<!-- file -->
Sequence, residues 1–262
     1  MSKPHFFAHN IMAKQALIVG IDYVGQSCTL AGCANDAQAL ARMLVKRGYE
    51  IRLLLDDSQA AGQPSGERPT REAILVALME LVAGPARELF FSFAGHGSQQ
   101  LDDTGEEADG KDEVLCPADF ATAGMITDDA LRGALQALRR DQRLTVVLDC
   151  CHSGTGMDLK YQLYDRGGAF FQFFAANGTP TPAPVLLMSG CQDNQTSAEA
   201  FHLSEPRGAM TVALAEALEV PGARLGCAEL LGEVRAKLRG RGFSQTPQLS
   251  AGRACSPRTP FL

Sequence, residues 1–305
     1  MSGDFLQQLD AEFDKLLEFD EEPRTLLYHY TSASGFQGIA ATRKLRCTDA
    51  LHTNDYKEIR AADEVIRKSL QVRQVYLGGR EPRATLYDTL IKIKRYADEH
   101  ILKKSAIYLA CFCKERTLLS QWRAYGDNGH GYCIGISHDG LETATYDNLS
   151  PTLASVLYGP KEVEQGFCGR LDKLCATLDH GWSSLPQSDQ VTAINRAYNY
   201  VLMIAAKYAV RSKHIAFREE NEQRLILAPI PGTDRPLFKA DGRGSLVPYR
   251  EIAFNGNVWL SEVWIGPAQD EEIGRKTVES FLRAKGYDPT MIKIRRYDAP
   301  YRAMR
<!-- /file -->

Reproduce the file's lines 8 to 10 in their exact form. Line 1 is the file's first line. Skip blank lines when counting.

Sequence, residues 1–305
     1  MSGDFLQQLD AEFDKLLEFD EEPRTLLYHY TSASGFQGIA ATRKLRCTDA
    51  LHTNDYKEIR AADEVIRKSL QVRQVYLGGR EPRATLYDTL IKIKRYADEH